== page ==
The only area where Michigan improved was family and community, with the number of children in single-parent families, living in high-poverty areas, and teen births per 1,000 better than in the past. Those improvements largely tracked with national trends. The 8% of Michigan children in families where the head of household lacks a high school diploma stayed the same between 2019 and 2022, floating about 3% lower than the nation as a whole.

The report is only the latest to document Michigan’s continued decline since Whitmer took office in 2019, with other reports on education highlighting a similar dynamic.

In April, the state slid to 31st nationally in U.S. News & World Report’s ranking of the best high schools, which used 2021-22 data on college readiness, college curriculum breadth, state assessment proficiency, state assessment performance, underserved student performance, and graduation rate.

“Michigan ranked 31st in a comparison of states with the highest percentage of top-ranked public high schools, dropping five spots from its ranking last year of 26th when it tied with Kentucky,” according to the news site.

The same site’s “Best States” ranking, which ranked Michigan 42nd overall, pointed to data that shows Michigan students have below average math test scores, are less likely to graduate high school, and leave college with more debt, when compared to the national average.

The abysmal performance from Michigan students in recent years is tied in large part Whitmer pandemic edicts that kept the state’s students out of the classroom far longer than in other states.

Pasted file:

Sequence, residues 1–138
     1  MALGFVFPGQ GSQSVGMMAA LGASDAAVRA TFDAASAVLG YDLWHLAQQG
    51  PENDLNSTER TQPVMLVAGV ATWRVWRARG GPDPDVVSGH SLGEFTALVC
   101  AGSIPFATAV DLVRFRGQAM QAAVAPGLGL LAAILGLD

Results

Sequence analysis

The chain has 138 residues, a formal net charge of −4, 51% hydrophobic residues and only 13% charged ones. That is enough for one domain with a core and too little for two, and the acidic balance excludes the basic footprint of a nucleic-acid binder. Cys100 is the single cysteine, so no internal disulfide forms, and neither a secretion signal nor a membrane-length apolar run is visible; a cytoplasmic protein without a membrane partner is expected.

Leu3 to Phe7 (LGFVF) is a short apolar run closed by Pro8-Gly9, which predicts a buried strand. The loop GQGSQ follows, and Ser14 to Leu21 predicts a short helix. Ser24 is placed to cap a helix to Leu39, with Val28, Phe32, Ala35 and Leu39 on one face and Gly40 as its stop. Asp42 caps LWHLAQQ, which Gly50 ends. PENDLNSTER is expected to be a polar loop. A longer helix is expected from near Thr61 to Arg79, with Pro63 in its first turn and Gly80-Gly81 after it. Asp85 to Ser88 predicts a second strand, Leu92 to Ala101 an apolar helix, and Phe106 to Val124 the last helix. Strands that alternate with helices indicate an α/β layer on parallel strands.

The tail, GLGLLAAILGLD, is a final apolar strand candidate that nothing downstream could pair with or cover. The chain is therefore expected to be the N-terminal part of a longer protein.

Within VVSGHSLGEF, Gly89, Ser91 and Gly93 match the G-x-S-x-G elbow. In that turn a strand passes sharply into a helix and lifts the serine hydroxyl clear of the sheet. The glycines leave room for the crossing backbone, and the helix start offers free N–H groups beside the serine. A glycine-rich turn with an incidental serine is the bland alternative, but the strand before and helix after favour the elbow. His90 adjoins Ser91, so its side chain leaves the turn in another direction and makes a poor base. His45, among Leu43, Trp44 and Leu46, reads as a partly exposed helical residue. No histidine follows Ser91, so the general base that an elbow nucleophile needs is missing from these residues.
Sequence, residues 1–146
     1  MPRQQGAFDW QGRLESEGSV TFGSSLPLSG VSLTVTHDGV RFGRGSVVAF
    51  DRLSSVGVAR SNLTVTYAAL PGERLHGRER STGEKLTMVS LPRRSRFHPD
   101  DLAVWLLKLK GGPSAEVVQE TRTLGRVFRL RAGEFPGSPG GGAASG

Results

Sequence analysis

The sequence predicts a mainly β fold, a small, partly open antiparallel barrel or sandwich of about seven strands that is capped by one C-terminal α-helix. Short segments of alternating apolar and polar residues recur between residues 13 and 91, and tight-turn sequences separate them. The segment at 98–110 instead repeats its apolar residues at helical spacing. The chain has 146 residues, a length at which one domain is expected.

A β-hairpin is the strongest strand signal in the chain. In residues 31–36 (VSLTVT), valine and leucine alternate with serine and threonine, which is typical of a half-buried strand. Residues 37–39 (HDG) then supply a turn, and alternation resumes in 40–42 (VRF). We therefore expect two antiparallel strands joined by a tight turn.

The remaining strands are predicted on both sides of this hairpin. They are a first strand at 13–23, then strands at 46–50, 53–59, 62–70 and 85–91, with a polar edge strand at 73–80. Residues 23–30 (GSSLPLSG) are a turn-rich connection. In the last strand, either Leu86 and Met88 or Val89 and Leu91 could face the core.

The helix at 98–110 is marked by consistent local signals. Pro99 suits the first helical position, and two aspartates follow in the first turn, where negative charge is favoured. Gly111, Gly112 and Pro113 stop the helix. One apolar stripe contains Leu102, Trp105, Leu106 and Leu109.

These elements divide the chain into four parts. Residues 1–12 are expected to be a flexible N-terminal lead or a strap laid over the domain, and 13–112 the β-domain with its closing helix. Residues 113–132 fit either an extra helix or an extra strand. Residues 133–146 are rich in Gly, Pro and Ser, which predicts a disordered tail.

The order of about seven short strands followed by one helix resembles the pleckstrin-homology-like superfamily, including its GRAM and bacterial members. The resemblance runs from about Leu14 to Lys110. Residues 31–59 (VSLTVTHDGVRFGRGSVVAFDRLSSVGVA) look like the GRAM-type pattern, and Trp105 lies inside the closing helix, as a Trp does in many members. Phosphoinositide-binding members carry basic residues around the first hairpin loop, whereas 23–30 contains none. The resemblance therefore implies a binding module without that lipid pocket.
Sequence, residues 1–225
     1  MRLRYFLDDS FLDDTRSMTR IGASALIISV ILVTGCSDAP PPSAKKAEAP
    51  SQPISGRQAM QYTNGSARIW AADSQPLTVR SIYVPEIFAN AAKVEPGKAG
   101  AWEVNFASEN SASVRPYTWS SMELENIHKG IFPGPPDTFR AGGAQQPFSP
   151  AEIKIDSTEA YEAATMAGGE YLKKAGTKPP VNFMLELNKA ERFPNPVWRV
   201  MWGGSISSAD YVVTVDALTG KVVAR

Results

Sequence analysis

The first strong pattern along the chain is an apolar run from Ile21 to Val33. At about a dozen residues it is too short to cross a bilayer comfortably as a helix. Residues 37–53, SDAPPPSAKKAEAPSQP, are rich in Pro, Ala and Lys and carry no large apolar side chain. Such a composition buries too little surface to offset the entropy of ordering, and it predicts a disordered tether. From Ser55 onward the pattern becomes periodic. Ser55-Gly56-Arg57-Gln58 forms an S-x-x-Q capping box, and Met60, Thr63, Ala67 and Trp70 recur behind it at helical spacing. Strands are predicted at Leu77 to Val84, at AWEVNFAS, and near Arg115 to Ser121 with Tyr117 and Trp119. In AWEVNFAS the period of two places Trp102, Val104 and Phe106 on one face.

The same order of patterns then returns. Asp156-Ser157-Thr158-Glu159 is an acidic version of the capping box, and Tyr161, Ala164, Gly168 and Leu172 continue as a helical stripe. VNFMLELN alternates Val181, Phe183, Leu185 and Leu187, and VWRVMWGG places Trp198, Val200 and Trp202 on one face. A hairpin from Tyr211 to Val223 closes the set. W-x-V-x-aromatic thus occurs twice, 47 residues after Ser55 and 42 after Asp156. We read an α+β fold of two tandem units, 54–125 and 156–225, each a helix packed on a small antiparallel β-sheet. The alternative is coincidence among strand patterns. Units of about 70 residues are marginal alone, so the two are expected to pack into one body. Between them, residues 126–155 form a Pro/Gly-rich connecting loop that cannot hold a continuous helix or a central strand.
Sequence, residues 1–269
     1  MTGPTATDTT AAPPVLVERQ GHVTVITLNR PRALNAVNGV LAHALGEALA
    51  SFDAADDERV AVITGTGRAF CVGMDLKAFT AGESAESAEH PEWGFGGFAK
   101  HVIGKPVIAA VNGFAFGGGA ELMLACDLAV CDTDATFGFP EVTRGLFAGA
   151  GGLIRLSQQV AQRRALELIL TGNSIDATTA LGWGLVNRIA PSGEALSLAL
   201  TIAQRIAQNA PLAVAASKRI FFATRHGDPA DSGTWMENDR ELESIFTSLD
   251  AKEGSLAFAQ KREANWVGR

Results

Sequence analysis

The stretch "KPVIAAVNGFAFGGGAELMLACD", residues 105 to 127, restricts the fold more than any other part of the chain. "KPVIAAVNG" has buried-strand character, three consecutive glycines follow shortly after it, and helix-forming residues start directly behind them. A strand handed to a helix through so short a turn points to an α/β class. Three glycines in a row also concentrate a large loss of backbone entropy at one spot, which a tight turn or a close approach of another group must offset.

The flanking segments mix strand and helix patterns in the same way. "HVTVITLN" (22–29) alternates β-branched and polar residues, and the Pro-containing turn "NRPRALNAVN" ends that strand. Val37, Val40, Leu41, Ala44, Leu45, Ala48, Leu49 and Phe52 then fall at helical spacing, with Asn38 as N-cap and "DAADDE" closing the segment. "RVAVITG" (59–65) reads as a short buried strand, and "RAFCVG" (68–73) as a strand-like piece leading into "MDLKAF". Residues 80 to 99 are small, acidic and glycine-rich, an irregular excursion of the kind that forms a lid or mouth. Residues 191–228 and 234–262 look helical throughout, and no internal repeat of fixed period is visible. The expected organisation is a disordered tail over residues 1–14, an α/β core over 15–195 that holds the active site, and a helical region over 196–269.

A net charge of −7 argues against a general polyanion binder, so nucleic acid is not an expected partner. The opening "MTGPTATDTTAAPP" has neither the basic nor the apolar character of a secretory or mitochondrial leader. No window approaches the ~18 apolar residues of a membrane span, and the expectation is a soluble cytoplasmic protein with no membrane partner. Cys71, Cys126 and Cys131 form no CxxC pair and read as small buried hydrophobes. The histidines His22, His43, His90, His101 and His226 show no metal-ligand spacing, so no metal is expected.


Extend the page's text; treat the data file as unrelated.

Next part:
Data from the National Assessment of Educational Progress, which samples fourth- and eighth-grade students nationwide, shows a direct correlation between time spent in remote or hybrid instruction during the 2020-21 school year and student performance, even when accounting for other factors like poverty, according to analysis from The New York Times.

“The most recent test scores, from spring 2023, show that students, overall, are not caught up from their pandemic losses, with larger gaps remaining among students that lost the most ground to begin with,” according to the Times. “Students in districts that were remote or hybrid the longest — at least 90 percent of the 2020-21 school year — still had almost double the ground to make up compared with students in districts that allowed students back for most of the year.”

The dynamic in Michigan was evident in a February report by researchers at Harvard and Stanford universities that showed despite statewide achievement increasing by 7% of a grade level in math and 1% in reading over the last year, full recovery from the pandemic could take decades, The Detroit News reports.

In districts like Kalamazoo, Lansing, Detroit, Portage and Ann Arbor, where unions pushed to delay in-person instruction, students remain 80% of a grade behind 2019 achievement levels in math. In many rural districts that reopened more quickly, math scores have already eclipsed pre-pandemic levels, according to the Education Recovery Scorecard that tracks performance in 30 states.

NEAP data shows Whitmer’s unilateral decision to close schools to in-person learning contributed to fourth-grade reading scores plummeting from 32nd nationally in 2019 to 43rd in 2022.